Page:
Kellie has only been making cheese since April. It is an outstanding range of cheeses that she has made in such a short time. Her Trilogy recipe is attached if you want to make a cheese with a difference. Plus, she also makes lots of other goodies, not just cheese…
The Intensive Cheesemaking courses 1 and 2 will resume as soon as the Covid-19 cases start to get to a more manageable level. Everyone at each of the courses needs to feel safe while we are making cheese. The schools where I hold the courses are understandably very cautious about letting outsiders onto their premises and there are travel restrictions depending on the location you are coming from or returning to after the course.I am hoping to be able to host courses later in 2020 for some locations, but I cannot say that with any certainty.
A Brisbane course is about to be scheduled for late September or early October.
The cheese, yoghurt, flavour and ripening cultures are usually freeze dried. These cultures look like milk powder at first glance. The starter culture companies select the cultures and grow them in a sterile skim milk liquid medium until the culture numbers reach very high levels. This culture filled liquid is cooled to stop further bacterial growth and then frozen. The frozen medium is then freeze dried, technically it is a process called ‘lyophilisation’, or ‘cryodesiccation’. It is a process where the frozen medium is placed under a strong vacuum which causes water to be evaporated at temperatures below freezing.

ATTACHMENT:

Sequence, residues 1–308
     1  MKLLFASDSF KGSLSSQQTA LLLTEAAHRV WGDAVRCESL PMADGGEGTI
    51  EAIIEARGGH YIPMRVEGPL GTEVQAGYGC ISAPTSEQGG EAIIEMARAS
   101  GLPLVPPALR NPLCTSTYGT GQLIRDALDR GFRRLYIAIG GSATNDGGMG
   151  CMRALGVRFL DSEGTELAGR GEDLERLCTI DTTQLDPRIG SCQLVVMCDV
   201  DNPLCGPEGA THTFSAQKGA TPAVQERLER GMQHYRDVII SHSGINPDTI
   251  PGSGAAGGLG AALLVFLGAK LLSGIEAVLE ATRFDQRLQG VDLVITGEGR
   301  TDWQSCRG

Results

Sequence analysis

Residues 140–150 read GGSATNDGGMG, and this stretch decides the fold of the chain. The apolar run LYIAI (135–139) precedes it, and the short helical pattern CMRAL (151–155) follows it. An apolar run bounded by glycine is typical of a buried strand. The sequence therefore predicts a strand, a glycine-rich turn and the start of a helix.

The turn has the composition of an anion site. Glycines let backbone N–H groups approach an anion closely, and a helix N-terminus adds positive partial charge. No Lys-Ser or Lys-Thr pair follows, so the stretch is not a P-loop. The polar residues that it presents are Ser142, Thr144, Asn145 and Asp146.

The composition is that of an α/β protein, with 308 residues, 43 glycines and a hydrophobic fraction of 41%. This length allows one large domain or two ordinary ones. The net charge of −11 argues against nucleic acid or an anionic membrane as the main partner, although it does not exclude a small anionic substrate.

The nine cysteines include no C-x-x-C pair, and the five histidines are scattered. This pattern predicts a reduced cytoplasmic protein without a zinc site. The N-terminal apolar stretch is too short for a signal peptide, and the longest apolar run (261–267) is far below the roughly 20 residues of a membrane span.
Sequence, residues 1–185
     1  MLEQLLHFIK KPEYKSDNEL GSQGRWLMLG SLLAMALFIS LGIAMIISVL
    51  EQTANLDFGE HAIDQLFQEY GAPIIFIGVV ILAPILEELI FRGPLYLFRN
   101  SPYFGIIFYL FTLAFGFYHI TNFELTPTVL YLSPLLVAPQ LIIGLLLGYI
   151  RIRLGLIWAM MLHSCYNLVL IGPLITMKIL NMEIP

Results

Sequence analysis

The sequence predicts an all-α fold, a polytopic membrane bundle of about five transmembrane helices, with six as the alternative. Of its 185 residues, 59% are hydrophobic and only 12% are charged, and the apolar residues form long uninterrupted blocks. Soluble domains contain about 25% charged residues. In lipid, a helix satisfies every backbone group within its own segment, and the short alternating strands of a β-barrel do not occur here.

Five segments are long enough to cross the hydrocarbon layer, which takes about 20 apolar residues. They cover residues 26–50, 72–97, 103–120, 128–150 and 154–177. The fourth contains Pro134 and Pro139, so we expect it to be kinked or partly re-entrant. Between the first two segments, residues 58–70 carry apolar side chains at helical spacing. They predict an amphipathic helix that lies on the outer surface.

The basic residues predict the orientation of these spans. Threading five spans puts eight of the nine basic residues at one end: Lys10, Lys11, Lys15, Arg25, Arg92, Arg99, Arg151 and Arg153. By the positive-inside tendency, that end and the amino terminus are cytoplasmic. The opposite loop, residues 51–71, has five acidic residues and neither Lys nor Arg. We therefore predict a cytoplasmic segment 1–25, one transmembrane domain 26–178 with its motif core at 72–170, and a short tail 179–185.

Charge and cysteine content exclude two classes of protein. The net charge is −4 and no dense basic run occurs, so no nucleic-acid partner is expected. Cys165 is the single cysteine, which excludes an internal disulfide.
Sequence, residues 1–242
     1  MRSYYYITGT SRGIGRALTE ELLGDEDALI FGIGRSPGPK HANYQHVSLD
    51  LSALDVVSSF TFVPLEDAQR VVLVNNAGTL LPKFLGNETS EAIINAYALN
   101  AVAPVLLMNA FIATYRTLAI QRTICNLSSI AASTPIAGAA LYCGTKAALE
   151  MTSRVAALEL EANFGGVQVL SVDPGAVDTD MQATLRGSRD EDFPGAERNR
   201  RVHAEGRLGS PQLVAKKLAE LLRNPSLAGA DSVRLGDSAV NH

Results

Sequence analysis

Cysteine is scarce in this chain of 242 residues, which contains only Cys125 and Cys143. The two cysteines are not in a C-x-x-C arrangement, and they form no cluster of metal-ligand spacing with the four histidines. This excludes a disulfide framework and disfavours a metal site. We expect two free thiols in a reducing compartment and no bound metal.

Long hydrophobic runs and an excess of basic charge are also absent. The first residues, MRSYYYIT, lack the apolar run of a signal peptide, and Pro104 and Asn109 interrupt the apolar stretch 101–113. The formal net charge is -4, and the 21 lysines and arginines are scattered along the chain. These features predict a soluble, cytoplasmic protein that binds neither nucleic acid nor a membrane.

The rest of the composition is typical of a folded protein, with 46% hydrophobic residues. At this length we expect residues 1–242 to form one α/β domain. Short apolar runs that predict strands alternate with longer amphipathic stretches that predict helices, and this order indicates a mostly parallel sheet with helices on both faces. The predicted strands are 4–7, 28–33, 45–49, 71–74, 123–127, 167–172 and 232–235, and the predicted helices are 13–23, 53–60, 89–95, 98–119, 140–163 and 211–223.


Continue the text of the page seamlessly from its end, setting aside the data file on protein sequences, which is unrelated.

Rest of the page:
This process ensures there is no heat damage to the bacterial cells as would occur with traditional drying practices. Freeze drying preserves what is a perishable product and makes it more convenient and less sensitive to temperature fluctuations for storage and transport.
Are you still looking for a gift for Father’s Day?
Do you see your dad learning to make cheese at a cheesemaking course? Or, is dad a cheesemaker who would love some extra equipment?
Vouchers are delivered electronically with your purchase.
This is an updated Cultures Reference Chart which provides a comparison between many of the cultures that are available to cheesemakers. It aims to provide the cheesemaker with some standardisation of the ‘corporate’ names attached to packets of cultures and the specific names of the bacteria, yeasts and moulds that go together to make up those packets.
If you have a recipe that asks you to use a particular culture, there is several alternatives cultures that you can use. Hopefully, this chart will give you some clarification of what culture to select next time you make cheese. This chart is regularly updated as new names of cultures become available.
There may delays in shipping products around Australia due to Covid-19. This is due to a heavier than usual volume of parcels, reduced flights and the impact of social distancing at postage sorting venues.
When your order is posted you will receive an SMS (a mobile number is required) and an email with the tracking number. It is recommended that you track your parcel using the tracking number provided so that you can monitor its progress.